(Sto*chas"tic) a. [Gr. stochastiko`s, from stocha`zesqai to aim, to guess, fr. sto`chos mark
1. Conjectural; able to conjecture. [Obs.] Whitefoot.
(Stock) n. [AS. stocc a stock, trunk, stick; akin to D. stok, G. stock, OHG. stoc, Icel. stokkr,
Sw. stock, Dan. stok, and AS. stycce a piece; cf. Skr. tuj to urge, thrust. Cf. Stokker, Stucco, and
Tuck a rapier.]
1. The stem, or main body, of a tree or plant; the fixed, strong, firm part; the trunk.
Though the root thereof wax old in the earth, and the stock thereof die in the ground, yet through the
scent of water it will bud, and bring forth boughs like a plant.Job xiv. 8,9.
2. The stem or branch in which a graft is inserted.
The scion overruleth the stock quite.Bacon.
3. A block of wood; something fixed and solid; a pillar; a firm support; a post.
All our fathers worshiped stocks and stones.Milton.
Item, for a stock of brass for the holy water, seven shillings; which, by the canon, must be of marble or
metal, and in no case of brick.Fuller.
4. Hence, a person who is as dull and lifeless as a stock or post; one who has little sense.
Let's be no stoics, nor no stocks.Shak.
5. The principal supporting part; the part in which others are inserted, or to which they are attached.
(a) The wood to which the barrel, lock, etc., of a musket or like firearm are secured; also, a long, rectangular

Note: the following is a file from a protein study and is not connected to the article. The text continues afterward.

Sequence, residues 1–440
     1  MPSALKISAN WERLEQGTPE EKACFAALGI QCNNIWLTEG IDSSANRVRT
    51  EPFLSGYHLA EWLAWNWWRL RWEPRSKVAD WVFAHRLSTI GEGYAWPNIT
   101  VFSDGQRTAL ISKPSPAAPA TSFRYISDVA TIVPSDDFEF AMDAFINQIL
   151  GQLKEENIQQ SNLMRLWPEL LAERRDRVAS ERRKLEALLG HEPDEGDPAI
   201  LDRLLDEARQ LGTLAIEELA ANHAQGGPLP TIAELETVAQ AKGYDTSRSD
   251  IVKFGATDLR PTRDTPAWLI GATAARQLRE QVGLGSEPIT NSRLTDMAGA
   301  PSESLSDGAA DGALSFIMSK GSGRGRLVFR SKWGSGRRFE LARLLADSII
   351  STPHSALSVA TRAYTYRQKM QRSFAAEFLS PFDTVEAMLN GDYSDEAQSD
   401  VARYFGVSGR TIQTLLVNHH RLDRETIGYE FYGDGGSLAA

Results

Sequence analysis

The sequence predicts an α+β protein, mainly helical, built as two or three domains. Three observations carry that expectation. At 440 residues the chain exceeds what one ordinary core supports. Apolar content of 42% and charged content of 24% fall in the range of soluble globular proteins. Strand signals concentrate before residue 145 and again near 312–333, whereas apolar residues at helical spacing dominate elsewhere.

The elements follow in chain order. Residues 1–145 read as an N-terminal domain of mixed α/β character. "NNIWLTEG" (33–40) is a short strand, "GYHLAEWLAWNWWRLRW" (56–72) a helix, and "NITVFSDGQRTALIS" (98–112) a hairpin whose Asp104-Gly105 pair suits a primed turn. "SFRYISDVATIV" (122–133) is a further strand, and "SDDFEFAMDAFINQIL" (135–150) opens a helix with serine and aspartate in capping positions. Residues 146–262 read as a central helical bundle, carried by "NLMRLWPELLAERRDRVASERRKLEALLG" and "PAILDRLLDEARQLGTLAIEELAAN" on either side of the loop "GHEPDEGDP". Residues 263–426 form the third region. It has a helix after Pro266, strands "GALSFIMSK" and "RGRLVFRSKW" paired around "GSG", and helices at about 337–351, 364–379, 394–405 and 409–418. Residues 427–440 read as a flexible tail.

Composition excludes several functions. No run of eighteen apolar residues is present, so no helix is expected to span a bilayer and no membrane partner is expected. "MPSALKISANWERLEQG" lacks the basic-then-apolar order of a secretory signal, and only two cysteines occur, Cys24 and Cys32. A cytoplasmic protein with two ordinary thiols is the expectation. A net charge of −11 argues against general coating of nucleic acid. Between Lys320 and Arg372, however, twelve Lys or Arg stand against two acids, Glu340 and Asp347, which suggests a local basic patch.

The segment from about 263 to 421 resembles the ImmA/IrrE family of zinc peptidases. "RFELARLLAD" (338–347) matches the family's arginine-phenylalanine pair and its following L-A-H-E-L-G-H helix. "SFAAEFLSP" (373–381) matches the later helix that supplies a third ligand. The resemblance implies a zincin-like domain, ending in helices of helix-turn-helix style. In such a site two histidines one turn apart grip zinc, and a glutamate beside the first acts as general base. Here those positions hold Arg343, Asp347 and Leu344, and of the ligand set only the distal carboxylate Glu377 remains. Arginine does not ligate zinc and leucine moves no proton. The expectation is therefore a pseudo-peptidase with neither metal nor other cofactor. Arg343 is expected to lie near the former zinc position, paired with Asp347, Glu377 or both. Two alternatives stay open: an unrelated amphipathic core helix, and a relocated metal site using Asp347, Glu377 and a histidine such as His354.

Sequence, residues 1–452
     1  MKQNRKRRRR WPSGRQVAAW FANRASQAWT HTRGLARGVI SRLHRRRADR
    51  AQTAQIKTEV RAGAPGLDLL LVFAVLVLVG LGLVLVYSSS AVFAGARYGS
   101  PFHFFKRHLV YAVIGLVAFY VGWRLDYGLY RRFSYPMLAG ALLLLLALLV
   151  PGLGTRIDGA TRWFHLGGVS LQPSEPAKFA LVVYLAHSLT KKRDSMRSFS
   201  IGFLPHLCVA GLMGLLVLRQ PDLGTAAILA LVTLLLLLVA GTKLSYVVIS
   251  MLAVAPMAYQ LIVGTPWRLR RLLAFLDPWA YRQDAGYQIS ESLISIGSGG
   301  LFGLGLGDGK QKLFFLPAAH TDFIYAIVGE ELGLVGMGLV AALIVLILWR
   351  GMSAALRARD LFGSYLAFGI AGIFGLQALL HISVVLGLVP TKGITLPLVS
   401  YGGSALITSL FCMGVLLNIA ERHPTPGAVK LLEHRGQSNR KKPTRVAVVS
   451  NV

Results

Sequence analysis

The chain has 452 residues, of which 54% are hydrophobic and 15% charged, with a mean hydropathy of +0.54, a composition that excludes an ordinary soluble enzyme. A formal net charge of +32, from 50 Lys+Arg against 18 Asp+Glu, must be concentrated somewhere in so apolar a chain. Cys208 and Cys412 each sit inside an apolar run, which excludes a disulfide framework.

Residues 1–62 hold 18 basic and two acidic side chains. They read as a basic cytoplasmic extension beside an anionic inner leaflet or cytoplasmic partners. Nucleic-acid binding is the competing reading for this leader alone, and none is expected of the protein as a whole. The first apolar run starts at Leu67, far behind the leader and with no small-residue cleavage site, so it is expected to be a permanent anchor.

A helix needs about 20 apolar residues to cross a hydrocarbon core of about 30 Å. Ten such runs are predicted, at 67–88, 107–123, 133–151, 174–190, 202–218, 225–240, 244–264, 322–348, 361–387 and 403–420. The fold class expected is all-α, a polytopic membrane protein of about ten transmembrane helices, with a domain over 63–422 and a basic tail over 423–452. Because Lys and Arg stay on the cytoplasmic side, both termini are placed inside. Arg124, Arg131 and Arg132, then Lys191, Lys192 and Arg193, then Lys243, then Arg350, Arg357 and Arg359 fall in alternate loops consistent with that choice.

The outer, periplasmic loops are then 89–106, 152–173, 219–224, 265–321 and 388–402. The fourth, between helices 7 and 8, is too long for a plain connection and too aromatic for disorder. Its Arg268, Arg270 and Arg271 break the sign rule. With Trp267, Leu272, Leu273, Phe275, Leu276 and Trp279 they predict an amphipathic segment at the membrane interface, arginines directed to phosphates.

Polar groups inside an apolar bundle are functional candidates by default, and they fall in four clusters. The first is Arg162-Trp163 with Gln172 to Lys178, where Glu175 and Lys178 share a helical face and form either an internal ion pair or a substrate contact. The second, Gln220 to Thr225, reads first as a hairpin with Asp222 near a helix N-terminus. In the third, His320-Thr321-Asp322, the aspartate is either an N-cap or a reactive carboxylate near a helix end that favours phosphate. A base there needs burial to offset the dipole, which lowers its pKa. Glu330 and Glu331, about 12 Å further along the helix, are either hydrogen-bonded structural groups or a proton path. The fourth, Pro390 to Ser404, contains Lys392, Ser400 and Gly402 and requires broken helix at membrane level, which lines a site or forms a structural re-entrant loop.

piece of wood, which is an important part of several forms of gun carriage.
(b) The handle or contrivance by which bits are held in boring; a bitstock; a brace.
(c) (Joinery) The block of wood or metal frame which constitutes the body of a plane, and in which the
plane iron is fitted; a plane stock.
(d) (Naut.) The wooden or iron crosspiece to which the shank of an anchor is attached. See Illust. of
(e) The support of the block in which an anvil is fixed, or of the anvil itself.
(f) A handle or wrench forming a holder for the dies for cutting screws; a diestock.
(g) The part of a tally formerly struck in the exchequer, which was delivered to the person who had lent
the king money on account, as the evidence of indebtedness. See Counterfoil. [Eng.]
6. The original progenitor; also, the race or line of a family; the progenitor of a family and his direct descendants; lineage; family.
And stand betwixt them made, when, severally,Chapman.
All told their stock.
Thy mother was no goddess, nor thy stockDenham.